As part of Portland alt-weekly paper the Willamette Week‘s “President of Beers” series (drinking the “flagship craft beer” from every state in the Union to find which is home to the “President of Beers”), writer Martin Cizmar tasted an Asheville beer.
But not before imbibing deeply of a special brew of sour grapes.
Cizmar tasted, as Asheville’s “flagship craft beer,” a Highland Brewing Gaelic Ale (a beer rated as “exceptional” by BeerAdvocate.com).
From his review:
If you’re too into beer you might know about this stupid contest called “Beer City USA.” Essentially, a bunch of cubicle monkeys click-click-click on a list of cities purported to be capitals of craft beer. Mostly they vote for the city nearest their home or where they went to college. Portlanders have taken it seriously in the past and won. But now Ashville is now the perennial favorite, probably because there’s not much great beer in town to distract the dudes who vote in these things.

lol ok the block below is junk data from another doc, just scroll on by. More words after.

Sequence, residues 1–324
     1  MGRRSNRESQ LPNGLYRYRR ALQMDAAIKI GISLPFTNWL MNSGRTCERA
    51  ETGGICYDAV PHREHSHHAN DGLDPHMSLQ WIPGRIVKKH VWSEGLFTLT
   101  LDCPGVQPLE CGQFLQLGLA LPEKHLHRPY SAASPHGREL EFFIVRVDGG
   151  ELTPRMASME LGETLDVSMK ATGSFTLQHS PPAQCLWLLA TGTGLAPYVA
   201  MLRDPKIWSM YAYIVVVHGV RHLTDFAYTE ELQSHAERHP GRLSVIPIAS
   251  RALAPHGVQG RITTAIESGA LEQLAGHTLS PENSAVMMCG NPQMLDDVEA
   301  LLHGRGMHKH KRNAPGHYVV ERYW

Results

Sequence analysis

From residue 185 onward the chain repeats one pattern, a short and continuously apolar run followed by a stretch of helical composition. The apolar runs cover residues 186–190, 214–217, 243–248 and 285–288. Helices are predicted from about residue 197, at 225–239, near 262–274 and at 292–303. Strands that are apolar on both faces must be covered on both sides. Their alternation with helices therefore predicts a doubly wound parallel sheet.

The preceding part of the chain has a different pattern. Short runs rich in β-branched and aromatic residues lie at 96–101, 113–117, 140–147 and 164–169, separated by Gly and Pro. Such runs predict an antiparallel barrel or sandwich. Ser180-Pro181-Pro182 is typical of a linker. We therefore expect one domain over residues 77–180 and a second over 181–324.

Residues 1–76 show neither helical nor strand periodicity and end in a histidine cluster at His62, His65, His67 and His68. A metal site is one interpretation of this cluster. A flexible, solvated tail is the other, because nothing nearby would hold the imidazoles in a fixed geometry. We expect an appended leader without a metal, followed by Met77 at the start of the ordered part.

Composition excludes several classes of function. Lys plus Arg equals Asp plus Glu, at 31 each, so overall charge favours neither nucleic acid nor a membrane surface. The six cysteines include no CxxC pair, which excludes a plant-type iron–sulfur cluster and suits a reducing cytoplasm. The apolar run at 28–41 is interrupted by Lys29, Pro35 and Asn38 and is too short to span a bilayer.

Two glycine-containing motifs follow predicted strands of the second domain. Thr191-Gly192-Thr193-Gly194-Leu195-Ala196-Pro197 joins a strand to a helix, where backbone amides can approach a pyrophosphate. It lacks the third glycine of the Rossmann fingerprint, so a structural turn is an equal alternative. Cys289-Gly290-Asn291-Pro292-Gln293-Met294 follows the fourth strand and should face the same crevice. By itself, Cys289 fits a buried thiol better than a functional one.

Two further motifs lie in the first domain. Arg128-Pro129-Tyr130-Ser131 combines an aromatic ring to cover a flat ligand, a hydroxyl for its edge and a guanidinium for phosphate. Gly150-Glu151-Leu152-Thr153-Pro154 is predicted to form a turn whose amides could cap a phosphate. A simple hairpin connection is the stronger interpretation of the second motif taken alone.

Asheville’s claim to fame? Being colonized by Sierra Nevada and New Belgium. Importing talent is the Tarheel way, after all. “Hell no, boys, we ain’t kin figure to make own beer—let alone an airplane—so let’s git us some Yankees to git ‘er done and we’ll go on a’claimin it fer a century!”
Mighty fine idea, y’all.
And his opinion of Asheville’s Beer City U.S.A. title won in an online poll:
The biggest problem with such a contest? Very few voters have any perspective. Do the people of Asheville sincerely believe their city to be a mecca of craft beer? Yes. Does that opinion matter? No, not that they know any better. Antiquated liquor laws and fat cat distributors make it tough to drink the best beers from around this country. Most of the people who voted for Asheville have probably never had Black Butte Porter, let alone Pliny the Elder. These Tarheels love their beer, and they think it’s great because it’s better than the pig swill the rest of the South is drinking.
Hard-won perspective—gained by actually trying beer from across the country—is tough to get. Just ask intern John Locanthi, who spent the better part of his summer bootlegging brew for the President of Beers. But Willamette Week got a beer from all 50 states. And here’s what happened: Asheville done got tore up. Bottom 10, y’all. The flagship beer from North Carolina’s largest brewery couldn’t even beat South Carolina a blind taste-test. Ouch.
Read the whole thing here.
I’m sure the comments are about to get awesome.
Thanks to the Beer City Guide for the heads up!
Category: Asheville beer